Hi All! Welcome to this week’s PaleoNews. Over the past few days, a new hadrosaur from the continent of Appalachia has been discovered (Which I’m very excited about) as well as an antelope who’s nasal anatomy seems to mimic that of hadrosaurian dinosaurs.
One of the most interesting findings in the past few days has come out of the examination of the skull of an extinct antelope taxon called Rusingoryx atopocranion. This large, herbivorous mammal hails from the Late Pleistocene of Kenya and bears a nasal dome which may have been able to produce sounds like a trumpet. Incredibly, the ontogeny of Rusingoryx atopocranion bears similarities with that of lambeosaurine dinosaurs. O’Brien et. al. (2016) conclude that because of the similarities between the extinct antelope and lambeosaurs, osseous nasal crests develop only within specific enivronmental, ontogenic, and evolutionary circumstances.
The past couple of months have been extremely successful for Appalachian paleontology. In the fall of 2015, the presence of leptoceratopsids on Appalachia was announced. Now, a new species of hadrosaurid dinosaur named Eotrachodon sheds light on the probable Appalachian origins for hadrosaurids. Eotrachodon orientalis is known from a partially complete skeleton with an extremely well preserved skull from the Mooreville Chalk Formation of Alabama. During the Cretaceous, Eotrachodon would have roamed around the coast of southwestern Appalachia, likely drinking from the rivers and deltas which ran directly into the Western Interior Seaway. A phylogenetic analysis by Prieto-Marquez et. al. (2016) has found Eotrachodon to be a sister taxon to lambeosaurinae and saurolophinae. The non-saurolophine non-lambeosaurine Hadrosaurus as well as Lophorhothon, a hadrosauroid extremely closely related to the ancestor of hadrosaurids, have been found on Appalachia, it seems likely that the birthplace of hadrosauridae was on the aforementioned landmass.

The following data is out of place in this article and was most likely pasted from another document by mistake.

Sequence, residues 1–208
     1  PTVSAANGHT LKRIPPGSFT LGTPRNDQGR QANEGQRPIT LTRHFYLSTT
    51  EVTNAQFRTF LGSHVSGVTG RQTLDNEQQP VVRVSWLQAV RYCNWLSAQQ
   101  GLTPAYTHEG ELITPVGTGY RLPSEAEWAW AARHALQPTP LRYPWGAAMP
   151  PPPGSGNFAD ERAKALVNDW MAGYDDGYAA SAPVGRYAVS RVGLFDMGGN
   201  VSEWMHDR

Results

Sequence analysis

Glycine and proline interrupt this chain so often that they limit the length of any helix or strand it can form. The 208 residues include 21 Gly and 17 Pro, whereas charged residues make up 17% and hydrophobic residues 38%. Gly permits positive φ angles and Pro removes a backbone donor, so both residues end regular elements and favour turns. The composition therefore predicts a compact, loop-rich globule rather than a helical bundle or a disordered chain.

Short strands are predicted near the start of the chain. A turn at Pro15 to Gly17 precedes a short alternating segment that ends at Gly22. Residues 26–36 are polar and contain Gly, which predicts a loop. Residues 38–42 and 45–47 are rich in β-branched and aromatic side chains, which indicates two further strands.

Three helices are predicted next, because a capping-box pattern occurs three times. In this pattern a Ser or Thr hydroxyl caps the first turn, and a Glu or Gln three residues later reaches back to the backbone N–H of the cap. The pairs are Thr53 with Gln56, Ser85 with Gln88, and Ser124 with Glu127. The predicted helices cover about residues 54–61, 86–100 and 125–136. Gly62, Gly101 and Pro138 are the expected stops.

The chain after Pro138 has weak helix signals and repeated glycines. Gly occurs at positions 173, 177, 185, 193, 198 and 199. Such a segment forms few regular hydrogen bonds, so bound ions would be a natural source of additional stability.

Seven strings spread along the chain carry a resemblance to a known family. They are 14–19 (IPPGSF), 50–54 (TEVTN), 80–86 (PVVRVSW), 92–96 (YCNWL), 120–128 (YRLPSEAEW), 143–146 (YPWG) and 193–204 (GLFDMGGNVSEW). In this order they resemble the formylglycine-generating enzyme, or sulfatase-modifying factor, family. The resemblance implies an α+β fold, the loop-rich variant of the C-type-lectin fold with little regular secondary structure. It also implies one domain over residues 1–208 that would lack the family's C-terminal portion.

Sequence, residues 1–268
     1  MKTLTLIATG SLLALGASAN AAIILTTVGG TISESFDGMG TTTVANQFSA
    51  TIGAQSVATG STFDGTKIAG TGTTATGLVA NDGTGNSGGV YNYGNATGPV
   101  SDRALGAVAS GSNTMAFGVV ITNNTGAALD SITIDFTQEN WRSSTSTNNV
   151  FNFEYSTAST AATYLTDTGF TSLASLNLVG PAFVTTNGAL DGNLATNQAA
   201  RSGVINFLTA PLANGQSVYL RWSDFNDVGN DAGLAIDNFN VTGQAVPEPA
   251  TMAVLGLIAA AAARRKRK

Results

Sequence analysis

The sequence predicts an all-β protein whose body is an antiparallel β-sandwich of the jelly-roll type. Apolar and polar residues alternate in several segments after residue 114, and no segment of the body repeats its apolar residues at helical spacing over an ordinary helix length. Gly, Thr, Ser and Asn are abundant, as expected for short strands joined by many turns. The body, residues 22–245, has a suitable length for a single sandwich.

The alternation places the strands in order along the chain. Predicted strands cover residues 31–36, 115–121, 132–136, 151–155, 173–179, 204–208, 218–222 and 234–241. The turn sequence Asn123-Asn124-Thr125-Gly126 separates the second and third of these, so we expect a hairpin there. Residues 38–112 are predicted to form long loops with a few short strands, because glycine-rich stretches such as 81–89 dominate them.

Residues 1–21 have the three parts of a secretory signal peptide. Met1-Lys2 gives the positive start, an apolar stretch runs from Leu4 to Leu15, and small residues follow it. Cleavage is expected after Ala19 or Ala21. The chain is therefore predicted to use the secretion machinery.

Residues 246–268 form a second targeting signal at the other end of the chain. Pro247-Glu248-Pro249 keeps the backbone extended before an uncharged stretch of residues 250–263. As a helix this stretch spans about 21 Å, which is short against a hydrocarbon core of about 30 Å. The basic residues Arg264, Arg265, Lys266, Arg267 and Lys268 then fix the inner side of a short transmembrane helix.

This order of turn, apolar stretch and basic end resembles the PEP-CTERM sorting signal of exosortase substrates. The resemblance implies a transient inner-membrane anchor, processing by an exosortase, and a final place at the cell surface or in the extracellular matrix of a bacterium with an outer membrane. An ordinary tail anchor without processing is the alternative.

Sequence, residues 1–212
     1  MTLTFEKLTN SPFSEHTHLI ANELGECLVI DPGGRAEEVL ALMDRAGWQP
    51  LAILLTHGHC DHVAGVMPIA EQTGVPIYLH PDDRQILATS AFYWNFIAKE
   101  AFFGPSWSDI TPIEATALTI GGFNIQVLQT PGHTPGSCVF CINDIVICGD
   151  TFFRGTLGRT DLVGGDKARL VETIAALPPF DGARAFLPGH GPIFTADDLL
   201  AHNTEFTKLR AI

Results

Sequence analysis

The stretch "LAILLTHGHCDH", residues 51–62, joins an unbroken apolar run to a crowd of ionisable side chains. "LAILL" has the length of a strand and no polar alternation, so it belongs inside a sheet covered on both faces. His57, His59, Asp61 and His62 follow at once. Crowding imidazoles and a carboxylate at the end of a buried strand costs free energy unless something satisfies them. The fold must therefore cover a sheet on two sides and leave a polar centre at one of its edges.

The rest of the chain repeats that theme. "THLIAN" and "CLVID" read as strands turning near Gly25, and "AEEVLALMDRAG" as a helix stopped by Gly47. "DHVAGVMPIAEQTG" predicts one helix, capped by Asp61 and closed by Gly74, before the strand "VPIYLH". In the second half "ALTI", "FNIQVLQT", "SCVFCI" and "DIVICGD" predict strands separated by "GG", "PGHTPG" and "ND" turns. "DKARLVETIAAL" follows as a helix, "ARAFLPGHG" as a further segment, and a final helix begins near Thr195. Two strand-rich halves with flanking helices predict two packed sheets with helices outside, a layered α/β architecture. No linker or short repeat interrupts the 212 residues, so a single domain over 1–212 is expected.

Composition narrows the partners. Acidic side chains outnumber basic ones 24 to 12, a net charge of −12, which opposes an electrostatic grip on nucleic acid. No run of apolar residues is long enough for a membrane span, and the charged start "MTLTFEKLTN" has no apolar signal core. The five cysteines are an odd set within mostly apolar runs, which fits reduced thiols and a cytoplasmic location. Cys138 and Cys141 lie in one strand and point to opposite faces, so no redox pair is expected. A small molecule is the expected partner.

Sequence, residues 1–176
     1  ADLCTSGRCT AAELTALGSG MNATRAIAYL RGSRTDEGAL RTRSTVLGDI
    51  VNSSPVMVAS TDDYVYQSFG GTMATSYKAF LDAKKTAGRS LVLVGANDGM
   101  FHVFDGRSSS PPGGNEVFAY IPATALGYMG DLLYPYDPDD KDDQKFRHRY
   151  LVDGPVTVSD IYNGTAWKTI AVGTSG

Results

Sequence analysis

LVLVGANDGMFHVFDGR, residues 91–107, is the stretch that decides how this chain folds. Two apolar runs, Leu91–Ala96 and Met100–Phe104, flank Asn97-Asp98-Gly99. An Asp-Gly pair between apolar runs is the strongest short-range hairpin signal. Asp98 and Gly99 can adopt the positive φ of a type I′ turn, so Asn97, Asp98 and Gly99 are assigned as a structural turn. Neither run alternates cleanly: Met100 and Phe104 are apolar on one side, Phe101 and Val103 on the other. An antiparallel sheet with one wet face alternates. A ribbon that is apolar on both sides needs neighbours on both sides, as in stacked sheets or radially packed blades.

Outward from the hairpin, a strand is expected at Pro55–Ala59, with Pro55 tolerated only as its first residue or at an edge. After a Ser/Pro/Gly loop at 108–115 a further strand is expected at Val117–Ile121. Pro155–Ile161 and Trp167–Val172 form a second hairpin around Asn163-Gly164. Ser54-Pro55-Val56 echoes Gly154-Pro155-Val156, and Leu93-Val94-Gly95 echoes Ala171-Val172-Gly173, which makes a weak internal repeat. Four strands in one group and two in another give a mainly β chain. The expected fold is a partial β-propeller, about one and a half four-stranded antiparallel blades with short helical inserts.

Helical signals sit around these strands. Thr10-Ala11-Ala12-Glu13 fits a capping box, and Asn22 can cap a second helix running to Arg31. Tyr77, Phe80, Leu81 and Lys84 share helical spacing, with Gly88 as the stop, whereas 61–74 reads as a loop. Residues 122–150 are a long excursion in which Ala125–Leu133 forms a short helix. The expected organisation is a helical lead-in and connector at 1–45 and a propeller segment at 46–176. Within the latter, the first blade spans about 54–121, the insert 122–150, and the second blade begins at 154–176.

THE INTERNET AND PALEONTOLOGY
Dodos were incredible animals, but often they are thought of as evolutionary failures or simply just dumb animals. Check out this post at Twilight Beasts detailing these wonderful birds.
At The Bite Stuff,
At Mark Witton’s Blog, he discusses the giant Deinosuchus and showcases his fantastic artwork of the giant marine predator. You can find the post here.
At Extinct Monsters, Ben has written two fantastic articles comparing and contrasting the fossil exhibitions of the Perot Museum and the Houston Museum of Natural Science. These post will be especially interesting to those interested in in the aesthetics and scientific impact of museums. You can find the post on the Perot Museum here and the one on the HMNS here.
At the Royal Tyrell Museum’s blog, they spotlight the newest lecture of their speaker series. Within it, Don Henderson discusses pterosaurs. You can find the post here.
This week we have a C. megalodon tooth housed within the Stamford Museum’s collections. C. megalodon were massive sharks which preyed on a variety of marine animals, including whales, from the Miocene to the Pliocene epochs of the Neogene period.
1. O’Brien H. D.; Faith, J. T.; Jenkins, K. E.; Peppe, D. J.; Plummer, T. W.; Jacobs, Z. L.; Li, B.; Joannes-Boyau, R.; Price, G.; Feng, Y.; Tryon, C. A. 2016.”Unexpected Convergent Evolution of Nasal Domes between Pleistocene Bovids and Cretaceous Hadrosaur Dinosaurs.” Current Biology. DOI:10.1016/j.cub.2015.12.050
2. Prieto-Marquez, A.; Erickson, G. M.; Ebersole, J. A. 2016. “A primitive hadrosaurid from southeastern North America and the origin and early evolution of ‘duck-billed’ dinosaurs. “Journal of Vertebrate Paleontology: e1054495. DOI:10.1080/02724634.2015.1054495.